E-Business Applications by the Food, Agro, and Marine Segments of Micro and Small Enterprises (MSEs)

E-Business Applications by the Food, Agro, and Marine Segments of Micro and Small Enterprises (MSEs)

DOI: 10.4018/978-1-6684-8613-9.ch005
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The contemporary business environment is moving towards the digital world as a result of the rapid changes in communication and technology. The MSEs must use e-business applications to explore trade opportunities in order to get out of this scenario. The chapter determines the perceptions of the Food, Agro and Marine segment of MSEs on e-business applications. Also, it analyses the relationship among the factors influencing e-business applications and organisational performance. The results reveal that employee support, financial benefits, social influence, ease of use, management support, IT capability, security and privacy, and government support show a substantial association with organisational performance. The results will be helpful in understanding the state of e-business practises among MSEs as well as any gaps in e-business adoption. It will help determine how much e-business practises can be promoted and used in order to attain the best results.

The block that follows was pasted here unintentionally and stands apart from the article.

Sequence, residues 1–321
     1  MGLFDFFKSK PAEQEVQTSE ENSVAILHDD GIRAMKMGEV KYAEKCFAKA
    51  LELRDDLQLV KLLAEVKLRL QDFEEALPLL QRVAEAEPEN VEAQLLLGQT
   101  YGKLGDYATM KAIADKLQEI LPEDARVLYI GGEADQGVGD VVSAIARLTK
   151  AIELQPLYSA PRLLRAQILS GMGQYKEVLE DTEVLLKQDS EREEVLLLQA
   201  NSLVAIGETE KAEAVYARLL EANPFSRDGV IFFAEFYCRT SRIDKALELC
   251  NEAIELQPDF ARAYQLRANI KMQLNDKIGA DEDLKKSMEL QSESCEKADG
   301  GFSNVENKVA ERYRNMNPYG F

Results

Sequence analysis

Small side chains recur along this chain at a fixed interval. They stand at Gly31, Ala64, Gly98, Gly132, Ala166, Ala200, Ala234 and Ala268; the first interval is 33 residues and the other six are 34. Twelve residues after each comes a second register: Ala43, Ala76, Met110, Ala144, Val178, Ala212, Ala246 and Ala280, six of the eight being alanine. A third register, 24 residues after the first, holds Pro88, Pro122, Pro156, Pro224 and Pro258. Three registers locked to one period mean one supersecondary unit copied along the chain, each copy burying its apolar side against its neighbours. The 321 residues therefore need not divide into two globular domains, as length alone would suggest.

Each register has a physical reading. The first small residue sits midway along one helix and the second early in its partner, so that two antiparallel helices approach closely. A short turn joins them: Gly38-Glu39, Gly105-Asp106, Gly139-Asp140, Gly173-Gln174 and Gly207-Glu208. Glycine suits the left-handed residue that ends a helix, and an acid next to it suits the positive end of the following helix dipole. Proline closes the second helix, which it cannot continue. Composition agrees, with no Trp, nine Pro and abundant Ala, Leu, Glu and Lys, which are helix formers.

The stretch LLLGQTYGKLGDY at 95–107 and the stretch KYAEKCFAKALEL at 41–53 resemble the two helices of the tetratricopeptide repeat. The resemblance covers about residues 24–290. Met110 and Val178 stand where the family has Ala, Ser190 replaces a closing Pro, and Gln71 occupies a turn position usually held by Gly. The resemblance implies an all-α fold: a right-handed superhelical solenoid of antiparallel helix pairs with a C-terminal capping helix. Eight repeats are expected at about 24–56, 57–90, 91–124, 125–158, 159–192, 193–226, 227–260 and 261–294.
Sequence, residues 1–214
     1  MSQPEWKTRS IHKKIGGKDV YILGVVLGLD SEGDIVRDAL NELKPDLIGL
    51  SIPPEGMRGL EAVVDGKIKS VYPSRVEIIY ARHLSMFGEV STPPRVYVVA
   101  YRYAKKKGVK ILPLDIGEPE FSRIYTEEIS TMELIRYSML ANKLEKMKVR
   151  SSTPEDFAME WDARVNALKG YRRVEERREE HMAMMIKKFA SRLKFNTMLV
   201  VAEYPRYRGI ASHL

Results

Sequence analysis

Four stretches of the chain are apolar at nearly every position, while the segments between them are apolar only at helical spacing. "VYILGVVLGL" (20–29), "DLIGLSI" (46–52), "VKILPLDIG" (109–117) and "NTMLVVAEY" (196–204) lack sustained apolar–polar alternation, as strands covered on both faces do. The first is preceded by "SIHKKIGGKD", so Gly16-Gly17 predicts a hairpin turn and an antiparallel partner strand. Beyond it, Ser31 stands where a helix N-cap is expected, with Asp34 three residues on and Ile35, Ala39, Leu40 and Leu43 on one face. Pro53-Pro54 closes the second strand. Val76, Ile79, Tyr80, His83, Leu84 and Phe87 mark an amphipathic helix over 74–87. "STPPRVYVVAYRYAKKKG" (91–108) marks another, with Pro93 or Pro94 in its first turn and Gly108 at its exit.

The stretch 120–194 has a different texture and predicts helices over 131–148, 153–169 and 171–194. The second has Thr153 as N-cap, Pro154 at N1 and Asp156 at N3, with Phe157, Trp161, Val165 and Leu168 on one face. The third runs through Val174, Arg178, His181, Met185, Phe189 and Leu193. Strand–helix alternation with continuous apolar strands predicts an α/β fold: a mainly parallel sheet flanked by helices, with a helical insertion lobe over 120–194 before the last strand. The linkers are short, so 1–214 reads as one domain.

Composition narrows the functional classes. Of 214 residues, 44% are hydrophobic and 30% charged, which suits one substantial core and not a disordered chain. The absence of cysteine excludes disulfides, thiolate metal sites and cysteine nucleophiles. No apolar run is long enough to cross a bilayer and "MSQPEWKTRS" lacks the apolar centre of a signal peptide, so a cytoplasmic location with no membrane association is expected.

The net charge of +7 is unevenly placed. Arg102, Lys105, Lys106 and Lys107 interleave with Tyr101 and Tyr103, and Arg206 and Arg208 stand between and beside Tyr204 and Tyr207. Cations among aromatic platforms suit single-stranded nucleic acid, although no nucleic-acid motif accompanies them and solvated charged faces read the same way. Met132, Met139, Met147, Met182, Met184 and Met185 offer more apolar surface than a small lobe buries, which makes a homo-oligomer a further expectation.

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India's Micro and Small Enterprises (MSEs) have consistently relied on domestic trade. By implementing e-business technologies, these businesses have begun to investigate the possibility of conducting international commerce. MSEs have an enormous effect on the economic performance of a nation. Increased employability and regional development will undoubtedly follow from the expansion of MSEs in the country. The presence of both large-scale businesses and multinational corporations intensifies rivalry to varying degrees. MSEs must overcome such growing difficulties in order to achieve their goals and be successful. These businesses diversify the country's sources of income, increase its competitiveness, and promote economic growth that makes the economy more dynamic. Additionally, MSEs contribute to the improvement of social sectors by encouraging widespread employment, fostering the development of local technology and skills, encouraging innovation and entrepreneurship, and establishing an industrial base at various scales.

Beginning in July 2020, the Micro and Small Enterprises (MSEs) definition has been updated by the Ministry of MSME. When the investment in “Plant and Machinery or Equipment” is not more than Rs. 1 crore and the “Annual Turnover” is not more than Rs. 5 crore, the manufacturing and service firms are categorised as “Micro.” Additionally, businesses are categorised as “Small” when their “Investment in Plant and Machinery or Equipment” is less than Rs. 10 crores and their “Annual Turnover” is less than Rs. 50 crores (MSME, 2022). MSEs have the unique characteristic of requiring relatively less capital expenditure and having more operational flexibility. The MSEs are able to play a significant role in the growth and development of the country because to low setup costs and strong returns on investments (SME Venture, 2016).